Brand specialists talk glibly about the importance for brand differentiation, but in the real world, businesses may have to struggle with ‘me-too’ brands. In practice they will find they have just two levers to pull. They can look to differentiate the brand, or they can look to differentiate the brand communications.
The matrix below looks at these two positions and considers what it means in terms of a brand strategy:
Box 1 – Here we have a brand that has little to differentiate itself from its competitors. We know that brand differentiation is the ideal, but any such actions may be too costly or have an unrealistic time-scale. However, we may have the possibility to set the brand apart from the competition in terms of the brand communications – how we present it to the world in general. This could be a change of image, advertising or promotion.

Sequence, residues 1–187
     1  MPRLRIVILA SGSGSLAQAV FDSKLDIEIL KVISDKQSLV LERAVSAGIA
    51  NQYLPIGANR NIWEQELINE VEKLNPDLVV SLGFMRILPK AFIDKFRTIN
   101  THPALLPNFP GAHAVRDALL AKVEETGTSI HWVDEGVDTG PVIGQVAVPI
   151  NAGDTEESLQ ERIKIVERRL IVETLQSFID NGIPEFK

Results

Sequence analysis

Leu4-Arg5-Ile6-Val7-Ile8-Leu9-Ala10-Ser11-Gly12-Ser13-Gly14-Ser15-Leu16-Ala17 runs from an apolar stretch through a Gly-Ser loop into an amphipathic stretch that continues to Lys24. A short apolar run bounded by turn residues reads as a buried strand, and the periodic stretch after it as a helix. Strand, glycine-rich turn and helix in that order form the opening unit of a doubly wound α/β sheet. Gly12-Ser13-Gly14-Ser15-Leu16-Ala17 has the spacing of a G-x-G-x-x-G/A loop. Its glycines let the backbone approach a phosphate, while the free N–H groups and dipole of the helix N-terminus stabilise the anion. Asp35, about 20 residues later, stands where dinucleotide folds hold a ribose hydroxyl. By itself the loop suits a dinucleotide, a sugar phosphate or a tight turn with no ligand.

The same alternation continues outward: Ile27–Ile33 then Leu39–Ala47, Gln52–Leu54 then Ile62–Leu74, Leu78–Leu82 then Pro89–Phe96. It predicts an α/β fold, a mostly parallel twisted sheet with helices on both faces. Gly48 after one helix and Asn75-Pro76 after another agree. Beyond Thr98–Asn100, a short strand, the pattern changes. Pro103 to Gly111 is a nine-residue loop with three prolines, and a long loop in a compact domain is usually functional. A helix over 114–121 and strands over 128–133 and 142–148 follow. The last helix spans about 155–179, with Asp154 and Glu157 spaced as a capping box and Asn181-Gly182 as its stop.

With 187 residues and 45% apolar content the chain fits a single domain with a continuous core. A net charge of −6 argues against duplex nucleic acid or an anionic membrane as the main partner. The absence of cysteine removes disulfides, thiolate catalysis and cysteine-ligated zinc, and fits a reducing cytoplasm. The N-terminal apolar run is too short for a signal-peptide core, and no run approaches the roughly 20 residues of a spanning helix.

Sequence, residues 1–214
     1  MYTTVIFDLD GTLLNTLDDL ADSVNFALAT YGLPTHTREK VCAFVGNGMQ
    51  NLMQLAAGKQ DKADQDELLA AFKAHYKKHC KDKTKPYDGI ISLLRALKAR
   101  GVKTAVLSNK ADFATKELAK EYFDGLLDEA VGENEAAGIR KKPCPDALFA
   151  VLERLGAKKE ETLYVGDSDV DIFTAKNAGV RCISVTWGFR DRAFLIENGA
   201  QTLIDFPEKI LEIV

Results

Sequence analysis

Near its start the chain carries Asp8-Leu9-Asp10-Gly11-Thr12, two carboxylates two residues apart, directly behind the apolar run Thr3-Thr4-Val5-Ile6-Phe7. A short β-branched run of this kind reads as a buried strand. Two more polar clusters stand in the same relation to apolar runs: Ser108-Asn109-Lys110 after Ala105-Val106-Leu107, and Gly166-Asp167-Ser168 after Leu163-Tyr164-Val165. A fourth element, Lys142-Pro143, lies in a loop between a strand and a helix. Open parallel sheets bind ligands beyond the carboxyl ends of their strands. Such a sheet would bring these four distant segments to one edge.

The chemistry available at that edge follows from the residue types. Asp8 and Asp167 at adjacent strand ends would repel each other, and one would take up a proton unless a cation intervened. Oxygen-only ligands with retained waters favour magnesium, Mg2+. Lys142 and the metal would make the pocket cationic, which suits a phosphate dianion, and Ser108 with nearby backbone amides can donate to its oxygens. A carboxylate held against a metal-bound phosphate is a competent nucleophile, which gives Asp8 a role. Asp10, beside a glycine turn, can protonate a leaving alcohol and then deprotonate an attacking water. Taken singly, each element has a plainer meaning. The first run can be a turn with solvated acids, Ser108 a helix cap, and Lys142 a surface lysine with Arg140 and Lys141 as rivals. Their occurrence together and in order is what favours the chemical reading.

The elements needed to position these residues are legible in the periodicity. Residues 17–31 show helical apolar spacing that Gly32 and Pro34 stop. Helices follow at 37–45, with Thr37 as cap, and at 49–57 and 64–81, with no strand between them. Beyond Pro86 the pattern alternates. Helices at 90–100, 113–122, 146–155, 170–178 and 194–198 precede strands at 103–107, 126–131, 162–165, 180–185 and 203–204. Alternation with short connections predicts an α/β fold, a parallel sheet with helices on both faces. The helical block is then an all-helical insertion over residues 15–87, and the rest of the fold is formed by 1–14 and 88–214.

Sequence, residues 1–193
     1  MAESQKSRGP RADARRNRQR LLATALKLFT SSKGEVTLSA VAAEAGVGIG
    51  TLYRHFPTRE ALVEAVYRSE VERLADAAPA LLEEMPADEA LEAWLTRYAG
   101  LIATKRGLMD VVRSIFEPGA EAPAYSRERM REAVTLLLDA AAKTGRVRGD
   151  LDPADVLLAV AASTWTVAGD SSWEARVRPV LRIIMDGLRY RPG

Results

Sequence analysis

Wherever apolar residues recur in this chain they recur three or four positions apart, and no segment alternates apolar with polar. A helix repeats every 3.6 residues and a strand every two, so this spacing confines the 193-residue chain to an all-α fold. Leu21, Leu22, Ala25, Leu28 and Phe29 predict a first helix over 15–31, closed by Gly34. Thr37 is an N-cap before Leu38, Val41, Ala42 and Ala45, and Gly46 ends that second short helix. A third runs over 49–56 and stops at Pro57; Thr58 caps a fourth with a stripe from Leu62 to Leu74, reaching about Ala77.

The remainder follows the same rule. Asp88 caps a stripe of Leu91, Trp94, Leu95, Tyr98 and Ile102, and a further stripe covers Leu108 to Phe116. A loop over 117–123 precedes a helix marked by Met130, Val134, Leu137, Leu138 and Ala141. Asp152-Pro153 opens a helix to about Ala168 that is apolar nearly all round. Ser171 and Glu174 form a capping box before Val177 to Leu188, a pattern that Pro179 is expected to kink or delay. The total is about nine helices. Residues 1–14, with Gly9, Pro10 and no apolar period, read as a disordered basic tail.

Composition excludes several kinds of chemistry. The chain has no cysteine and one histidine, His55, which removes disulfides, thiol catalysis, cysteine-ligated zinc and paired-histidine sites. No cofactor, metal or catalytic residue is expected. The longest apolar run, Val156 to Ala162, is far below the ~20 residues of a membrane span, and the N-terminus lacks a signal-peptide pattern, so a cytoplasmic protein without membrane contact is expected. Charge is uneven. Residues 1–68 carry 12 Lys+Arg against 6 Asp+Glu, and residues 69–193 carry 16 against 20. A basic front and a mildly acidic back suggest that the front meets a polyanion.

Box 2 – This is the happy situation. We have the possibility to either differentiate the brand intrinsically or by using the brand communications – or perhaps a combination of the two.
Box 3 – This is the problematic position. Your brand is a commodity and difficult to differentiate. In addition, it is problematic to use marketing communication to gain competitive distance. This can sometimes be the position of B2B suppliers of commodity products or services. This may be a case where the brand needs to review its cost position and see if there is possibility to differentiate the brand on a price or value platform.
Box 4 – The flip side of Box ‘1’. However this is the stronger position. It is always more satisfactory to work on the brand itself rather than the communications. Too often brand owners rush to communications solutions. Differentiating the brand through quality, service or added value is deeper and more enduring.